Brendan Miller is a neuroscience PhD student in the Cohen Lab. Miller, who recently earned a Young Investigator Award from Alzheimer’s Los Angeles (ALZLA), spoke to us about his research studying mitochondrial mutations in Alzheimer’s disease.
Q: What are you hoping to discover?
A: We know that mitochondrial dysfunction is one of the earliest hallmarks of Alzheimer’s, but it’s still unclear what is actually driving that dysfunction. I am hoping that we can find new mitochondrial gene mutations that are driving that dysfunction, and then we can take models that have that mutation and try to fix them.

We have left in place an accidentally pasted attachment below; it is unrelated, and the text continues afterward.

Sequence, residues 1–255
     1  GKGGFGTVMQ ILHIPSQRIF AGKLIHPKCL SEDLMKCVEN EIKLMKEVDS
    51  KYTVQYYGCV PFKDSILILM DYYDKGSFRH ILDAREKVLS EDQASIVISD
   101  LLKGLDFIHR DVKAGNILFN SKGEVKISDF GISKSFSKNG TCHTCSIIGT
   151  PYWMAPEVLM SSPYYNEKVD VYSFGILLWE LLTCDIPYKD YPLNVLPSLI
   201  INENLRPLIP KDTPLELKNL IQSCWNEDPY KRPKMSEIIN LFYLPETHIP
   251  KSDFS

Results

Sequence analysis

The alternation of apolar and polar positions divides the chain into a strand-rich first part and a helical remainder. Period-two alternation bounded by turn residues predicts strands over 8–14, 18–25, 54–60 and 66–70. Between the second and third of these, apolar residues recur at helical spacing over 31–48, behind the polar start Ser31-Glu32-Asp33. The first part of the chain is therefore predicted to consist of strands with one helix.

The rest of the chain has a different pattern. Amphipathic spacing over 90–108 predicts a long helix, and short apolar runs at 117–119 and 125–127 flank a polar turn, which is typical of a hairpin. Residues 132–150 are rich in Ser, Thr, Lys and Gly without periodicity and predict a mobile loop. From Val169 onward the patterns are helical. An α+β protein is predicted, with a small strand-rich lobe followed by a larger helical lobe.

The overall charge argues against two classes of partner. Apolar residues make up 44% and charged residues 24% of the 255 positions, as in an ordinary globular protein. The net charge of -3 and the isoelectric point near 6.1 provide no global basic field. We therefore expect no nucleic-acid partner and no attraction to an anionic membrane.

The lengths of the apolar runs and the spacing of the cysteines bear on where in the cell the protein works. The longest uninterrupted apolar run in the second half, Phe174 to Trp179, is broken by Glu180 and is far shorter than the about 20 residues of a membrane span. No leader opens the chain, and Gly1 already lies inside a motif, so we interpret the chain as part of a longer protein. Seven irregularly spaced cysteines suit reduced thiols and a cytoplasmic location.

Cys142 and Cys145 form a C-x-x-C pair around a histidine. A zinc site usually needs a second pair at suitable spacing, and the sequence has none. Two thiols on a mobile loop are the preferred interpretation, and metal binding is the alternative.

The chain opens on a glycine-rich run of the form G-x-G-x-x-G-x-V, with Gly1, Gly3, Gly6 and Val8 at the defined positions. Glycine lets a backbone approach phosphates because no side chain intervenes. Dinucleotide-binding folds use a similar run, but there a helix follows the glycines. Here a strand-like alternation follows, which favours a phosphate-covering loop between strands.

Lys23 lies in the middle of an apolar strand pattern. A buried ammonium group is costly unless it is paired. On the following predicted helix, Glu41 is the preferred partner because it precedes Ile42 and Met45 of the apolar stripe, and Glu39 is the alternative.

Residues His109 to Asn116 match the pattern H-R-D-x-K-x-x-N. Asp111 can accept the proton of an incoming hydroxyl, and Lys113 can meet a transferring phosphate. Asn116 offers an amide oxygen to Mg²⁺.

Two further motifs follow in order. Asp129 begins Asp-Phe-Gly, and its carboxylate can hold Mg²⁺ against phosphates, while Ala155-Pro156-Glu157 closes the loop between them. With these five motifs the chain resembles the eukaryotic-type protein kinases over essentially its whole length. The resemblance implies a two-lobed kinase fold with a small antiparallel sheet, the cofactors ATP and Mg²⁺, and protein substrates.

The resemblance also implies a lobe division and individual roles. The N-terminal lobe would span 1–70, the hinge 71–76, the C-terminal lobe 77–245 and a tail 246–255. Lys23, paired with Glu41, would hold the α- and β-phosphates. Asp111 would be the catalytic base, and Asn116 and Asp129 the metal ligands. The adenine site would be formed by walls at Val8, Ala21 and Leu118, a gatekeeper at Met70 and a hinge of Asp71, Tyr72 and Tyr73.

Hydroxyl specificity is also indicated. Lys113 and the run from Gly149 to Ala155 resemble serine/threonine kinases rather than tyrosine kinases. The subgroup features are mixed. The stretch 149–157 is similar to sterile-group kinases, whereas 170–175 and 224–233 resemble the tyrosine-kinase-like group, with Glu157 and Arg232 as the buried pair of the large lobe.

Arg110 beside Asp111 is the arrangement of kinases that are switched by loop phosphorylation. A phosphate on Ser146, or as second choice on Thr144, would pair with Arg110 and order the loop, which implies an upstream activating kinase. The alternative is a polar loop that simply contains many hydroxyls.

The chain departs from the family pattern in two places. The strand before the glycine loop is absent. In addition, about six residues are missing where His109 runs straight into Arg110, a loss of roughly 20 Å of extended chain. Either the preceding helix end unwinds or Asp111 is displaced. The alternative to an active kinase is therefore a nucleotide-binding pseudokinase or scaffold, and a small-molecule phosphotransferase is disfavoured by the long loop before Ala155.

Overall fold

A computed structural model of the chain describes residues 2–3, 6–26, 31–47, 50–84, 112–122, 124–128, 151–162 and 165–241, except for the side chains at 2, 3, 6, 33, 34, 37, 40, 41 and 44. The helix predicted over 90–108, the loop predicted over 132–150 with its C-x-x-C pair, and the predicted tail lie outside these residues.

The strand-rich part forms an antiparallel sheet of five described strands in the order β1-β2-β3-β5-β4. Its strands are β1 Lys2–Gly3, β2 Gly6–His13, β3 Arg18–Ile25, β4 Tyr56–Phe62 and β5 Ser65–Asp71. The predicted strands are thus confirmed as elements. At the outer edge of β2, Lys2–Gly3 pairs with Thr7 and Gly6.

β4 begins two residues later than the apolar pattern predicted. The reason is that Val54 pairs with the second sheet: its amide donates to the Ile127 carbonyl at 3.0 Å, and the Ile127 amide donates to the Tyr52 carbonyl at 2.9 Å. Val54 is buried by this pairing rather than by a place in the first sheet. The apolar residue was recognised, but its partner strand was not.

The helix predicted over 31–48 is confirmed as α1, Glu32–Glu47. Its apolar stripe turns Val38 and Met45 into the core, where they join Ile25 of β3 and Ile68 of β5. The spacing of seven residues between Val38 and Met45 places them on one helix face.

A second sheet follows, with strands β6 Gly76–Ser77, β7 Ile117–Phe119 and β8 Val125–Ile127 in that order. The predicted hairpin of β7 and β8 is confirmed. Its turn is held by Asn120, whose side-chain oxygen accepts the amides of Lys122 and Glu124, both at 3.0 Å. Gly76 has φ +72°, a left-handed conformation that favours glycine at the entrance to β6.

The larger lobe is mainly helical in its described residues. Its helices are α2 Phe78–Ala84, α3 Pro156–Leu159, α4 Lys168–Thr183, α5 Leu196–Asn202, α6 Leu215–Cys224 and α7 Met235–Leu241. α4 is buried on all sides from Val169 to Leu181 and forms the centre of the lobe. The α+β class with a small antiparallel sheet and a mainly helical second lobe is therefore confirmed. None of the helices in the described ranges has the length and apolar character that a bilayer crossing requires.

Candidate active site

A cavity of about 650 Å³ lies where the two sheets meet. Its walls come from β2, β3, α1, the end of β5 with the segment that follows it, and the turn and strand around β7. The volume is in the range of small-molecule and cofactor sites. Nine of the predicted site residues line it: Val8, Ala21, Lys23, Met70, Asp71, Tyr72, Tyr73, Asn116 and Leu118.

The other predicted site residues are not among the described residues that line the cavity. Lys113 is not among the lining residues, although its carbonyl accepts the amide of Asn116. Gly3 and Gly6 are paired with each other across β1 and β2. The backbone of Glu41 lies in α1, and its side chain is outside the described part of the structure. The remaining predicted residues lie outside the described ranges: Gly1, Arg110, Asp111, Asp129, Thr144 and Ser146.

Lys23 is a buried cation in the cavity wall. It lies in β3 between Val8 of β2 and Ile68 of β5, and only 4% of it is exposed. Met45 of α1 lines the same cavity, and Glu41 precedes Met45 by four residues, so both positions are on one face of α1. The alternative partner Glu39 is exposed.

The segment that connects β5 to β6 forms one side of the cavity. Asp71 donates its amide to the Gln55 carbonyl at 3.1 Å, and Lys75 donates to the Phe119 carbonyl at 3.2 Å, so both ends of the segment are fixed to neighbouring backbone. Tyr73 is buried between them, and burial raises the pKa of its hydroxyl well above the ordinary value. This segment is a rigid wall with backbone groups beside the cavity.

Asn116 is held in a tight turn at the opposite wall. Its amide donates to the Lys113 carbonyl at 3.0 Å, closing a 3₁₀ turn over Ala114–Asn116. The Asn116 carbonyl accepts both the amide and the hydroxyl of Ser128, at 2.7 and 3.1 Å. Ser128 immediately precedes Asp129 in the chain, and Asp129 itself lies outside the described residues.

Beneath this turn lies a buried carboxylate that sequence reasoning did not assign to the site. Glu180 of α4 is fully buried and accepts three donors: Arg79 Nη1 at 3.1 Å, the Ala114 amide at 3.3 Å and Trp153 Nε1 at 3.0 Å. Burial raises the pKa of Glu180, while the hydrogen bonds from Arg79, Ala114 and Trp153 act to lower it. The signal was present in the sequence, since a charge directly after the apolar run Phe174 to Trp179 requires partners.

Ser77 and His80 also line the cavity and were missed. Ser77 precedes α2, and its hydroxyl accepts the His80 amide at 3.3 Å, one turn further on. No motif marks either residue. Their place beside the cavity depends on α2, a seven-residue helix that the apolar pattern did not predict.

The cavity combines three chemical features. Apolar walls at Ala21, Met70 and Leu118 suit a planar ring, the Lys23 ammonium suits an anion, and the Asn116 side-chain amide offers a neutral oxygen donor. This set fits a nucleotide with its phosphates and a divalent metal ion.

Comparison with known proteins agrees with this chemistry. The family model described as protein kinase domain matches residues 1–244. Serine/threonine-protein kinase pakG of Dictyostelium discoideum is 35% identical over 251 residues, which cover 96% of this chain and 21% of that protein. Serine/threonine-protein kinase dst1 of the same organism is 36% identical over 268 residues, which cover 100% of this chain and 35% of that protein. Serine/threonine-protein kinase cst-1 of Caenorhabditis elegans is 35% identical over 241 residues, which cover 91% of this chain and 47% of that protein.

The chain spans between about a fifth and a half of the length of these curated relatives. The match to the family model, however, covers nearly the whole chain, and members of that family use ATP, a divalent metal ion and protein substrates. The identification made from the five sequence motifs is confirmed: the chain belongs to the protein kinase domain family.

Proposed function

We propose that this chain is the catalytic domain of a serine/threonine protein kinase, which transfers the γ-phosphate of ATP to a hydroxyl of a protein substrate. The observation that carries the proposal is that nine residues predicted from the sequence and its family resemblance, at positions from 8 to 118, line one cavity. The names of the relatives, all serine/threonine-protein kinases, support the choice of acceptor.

Q: How do you find these mutations?
A: It’s a two-step process. First, we are doing big data studies to identify mutations, and then we bring it down to a molecular level — replicating those mutations in cells — to see what they’re actually doing, and trying to find the mechanism.
Q: What is the most exciting aspect of this work?
A: Most of the genetic studies that have been published have not looked at the mitochondrial DNA. There could be hundreds of really small mitochondrial genes that have been overlooked. We are looking at mutations in these small mitochondrial genes. It is exciting to see if we can look at this uncharted landscape, identify which small genes are important and eventually target treatments toward them.